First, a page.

Right-click (control-click on a Mac) and drag a date field from the Data window to the Filters shelf, and then click Relative Date in the Filter Field dialog box. Except for axis tick labels, text elements in an Excel chart can be linked to worksheet cells. The screen shot below shows a chart, the chart source data range .. that a graph update can require–relative to using an intermediary cell, .. Broken Y Axis in an Excel Chart · Grouping by Date in a Pivot Table. In the old days, like around Excel 4, Excel only had sheets, not workbooks, A chart had to fully reference its data source by worksheet name, .. year to date to avoid the plotted line suddenly going from a value down to zero.
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The additional chart in Figure 3. The text version of a date can take a number of different formats. Below we see two windows each for two workbooks.
Excel chart source data relative dating - Reader Interactions
Excel cannot automatically deal with dates from the s, but it can deal with dates from the s. One solution is to transform the dates to be dates in the valid range of dates that Excel can recognize. You can use a date format with two years and a good title on the chart to explain that the dates are from the s.
To create the chart in Figure 3. Insert a blank column B to hold the transformed dates. This formula converts the date to a date. You will later add a title to indicate that the dates are in the s. Double-click the fill handle in cell B4 to copy the formula down to all cells. Select the range B3: From the Layout ribbon, choose Legend, No Legend.
Right-click the vertical axis along the left side of the chart and choose Format Axis from the context menu. In the Format Axis dialog that appears, on the Axis Options page, choose the Fixed option button next to Minimum and enter a fixed value of Without closing the Format Axis dialog, click the dates in the horizontal axis in the chart.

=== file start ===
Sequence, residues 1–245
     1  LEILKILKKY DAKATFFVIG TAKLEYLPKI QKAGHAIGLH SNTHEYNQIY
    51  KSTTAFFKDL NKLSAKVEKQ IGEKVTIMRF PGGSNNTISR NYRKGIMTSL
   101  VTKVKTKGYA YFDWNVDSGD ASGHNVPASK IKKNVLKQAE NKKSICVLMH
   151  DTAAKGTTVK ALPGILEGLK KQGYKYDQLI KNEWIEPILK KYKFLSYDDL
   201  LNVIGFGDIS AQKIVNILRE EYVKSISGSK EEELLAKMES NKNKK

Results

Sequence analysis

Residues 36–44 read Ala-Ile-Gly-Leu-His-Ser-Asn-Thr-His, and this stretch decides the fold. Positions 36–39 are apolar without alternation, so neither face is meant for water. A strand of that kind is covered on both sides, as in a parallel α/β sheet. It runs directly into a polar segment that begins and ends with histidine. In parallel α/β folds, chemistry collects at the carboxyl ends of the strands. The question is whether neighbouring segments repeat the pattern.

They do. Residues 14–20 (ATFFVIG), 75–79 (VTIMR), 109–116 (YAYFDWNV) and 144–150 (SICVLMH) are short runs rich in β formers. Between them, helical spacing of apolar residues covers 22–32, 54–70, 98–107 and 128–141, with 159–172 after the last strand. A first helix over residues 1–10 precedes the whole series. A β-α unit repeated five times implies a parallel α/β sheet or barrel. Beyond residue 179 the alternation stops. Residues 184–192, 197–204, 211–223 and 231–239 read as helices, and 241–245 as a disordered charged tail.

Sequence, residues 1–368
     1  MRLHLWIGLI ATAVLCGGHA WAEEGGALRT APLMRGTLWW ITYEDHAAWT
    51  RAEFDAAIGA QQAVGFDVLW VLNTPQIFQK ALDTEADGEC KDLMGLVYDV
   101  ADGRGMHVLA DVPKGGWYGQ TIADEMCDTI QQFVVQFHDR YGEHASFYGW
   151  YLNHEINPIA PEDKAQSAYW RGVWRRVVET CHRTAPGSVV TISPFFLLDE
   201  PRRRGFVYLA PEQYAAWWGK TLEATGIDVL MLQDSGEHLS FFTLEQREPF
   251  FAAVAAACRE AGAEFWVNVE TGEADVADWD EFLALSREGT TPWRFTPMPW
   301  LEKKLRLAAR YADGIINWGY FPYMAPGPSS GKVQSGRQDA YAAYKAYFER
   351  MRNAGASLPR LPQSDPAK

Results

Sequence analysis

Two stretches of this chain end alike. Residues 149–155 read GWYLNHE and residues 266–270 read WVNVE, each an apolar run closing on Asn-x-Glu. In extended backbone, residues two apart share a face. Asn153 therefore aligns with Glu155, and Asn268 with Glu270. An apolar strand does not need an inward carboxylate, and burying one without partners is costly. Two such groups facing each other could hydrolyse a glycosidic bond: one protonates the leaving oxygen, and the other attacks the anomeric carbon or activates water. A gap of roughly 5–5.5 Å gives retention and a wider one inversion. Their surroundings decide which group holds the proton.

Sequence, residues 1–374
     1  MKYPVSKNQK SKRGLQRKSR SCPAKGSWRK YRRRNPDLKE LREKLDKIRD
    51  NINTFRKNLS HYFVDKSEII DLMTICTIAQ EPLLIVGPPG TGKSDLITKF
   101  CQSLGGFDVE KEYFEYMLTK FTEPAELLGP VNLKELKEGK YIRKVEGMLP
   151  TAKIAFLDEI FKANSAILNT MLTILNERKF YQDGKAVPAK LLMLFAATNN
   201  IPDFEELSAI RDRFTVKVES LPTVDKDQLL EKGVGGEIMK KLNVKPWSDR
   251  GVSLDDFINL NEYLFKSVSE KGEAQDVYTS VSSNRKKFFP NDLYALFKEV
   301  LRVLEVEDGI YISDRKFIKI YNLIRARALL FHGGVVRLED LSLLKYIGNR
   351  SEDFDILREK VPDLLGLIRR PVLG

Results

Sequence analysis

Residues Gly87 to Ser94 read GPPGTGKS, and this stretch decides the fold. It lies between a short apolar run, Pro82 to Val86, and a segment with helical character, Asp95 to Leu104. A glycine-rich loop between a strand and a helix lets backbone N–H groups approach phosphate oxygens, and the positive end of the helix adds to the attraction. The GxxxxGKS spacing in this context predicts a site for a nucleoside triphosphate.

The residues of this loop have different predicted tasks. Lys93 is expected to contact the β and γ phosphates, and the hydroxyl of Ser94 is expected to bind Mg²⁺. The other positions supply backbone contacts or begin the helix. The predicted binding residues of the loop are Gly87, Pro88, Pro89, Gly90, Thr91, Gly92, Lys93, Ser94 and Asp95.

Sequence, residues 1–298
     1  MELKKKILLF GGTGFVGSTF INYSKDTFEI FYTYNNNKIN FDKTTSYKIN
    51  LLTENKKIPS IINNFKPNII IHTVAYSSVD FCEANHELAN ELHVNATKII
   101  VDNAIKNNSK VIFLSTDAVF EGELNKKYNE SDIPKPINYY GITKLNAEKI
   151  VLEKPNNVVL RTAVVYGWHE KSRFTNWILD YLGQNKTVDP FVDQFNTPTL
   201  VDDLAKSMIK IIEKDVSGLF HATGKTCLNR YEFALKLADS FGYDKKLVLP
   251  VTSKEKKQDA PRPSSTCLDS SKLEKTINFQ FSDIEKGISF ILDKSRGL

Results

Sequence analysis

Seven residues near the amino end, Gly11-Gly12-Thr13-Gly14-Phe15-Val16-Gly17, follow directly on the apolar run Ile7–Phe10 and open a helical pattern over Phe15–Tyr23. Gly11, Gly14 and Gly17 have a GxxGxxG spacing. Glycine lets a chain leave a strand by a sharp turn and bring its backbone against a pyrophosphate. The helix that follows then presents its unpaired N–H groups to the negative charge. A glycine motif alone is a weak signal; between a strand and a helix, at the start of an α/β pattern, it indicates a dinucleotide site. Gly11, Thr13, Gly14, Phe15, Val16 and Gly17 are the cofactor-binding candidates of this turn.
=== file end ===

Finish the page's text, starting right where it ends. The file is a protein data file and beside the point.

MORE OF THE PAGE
Excel automatically switches to formatting the horizontal axis, and the settings in the Format Axis dialog redraw to show the settings for the horizontal axis.
In the Axis Type section, choose Date Axis. Click Close to close the dialog box. Click the State Count title. Click outside the title to exit Text Edit mode. Click the title once.
You should have a solid selection rectangle around the title. On the Home ribbon, click the Decrease Font Size button.
Click the Left Align button. Carefully click the border of the title. Drag it so it appears in the top-left corner of the chart. Select the dates in B4: On the Number tab, click the Custom category. Type the custom number format 'yy.
The result is the chart shown in Figure 3. The reader may believe that the chart is showing dates in the s, but Excel is actually showing dates in the s. This method fails when you are trying to display more than years of data points.
Using a Date-Based Axis with Dates Before Spanning More Than Years If you attempt to use the technique described in the preceding section on a chart that contains more than years' worth of dates, the technique will fail. While I managed to create a date-based axis covering years with 10 data points, a dataset covering years and 40 points cannot display a date-based axis. To do so, you must transform your date axis into a scale that shows months, hide the axis, and add your own axis, using text boxes.
These steps are not for the faint of heart. You first need to transform the dates from the s to the s. You then transform the dates spanning years into a range where each month in real time is represented by a single day.
This results in a time span of six years. You then need to use care to completely hide the labels along the horizontal axis and to replace them with text boxes showing the centuries. You then add a new data series to draw vertical lines at the change of each century.
Insert new columns B and C. This transforms the dates from to a valid Excel date in Format this cell with a short date format. Format this cell as a short date. This formula now reduces years into x12 into 2, days, where each day represents 1 month of real time. C4 and double-click the fill handle to copy the formula down to your range of data. The dates in column B span to The dates in column D span to Although the relative position of the data points is correct, you have to hide the axis labels that Excel draws in for the horizontal axis.
It would therefore be helpful to draw in vertical lines to show where the axis switches from the s to the s and another line to show where the axis switches from the s to the s.
Insert a new column E to hold the data for the second series. This series contains just two nonzero points: Enter the heading Divide Line in cell E3. Look through the dates in column A. Insert a new row before the first date in the s. Copy the formulas in columns B and C. In column D, copy the point from the row above.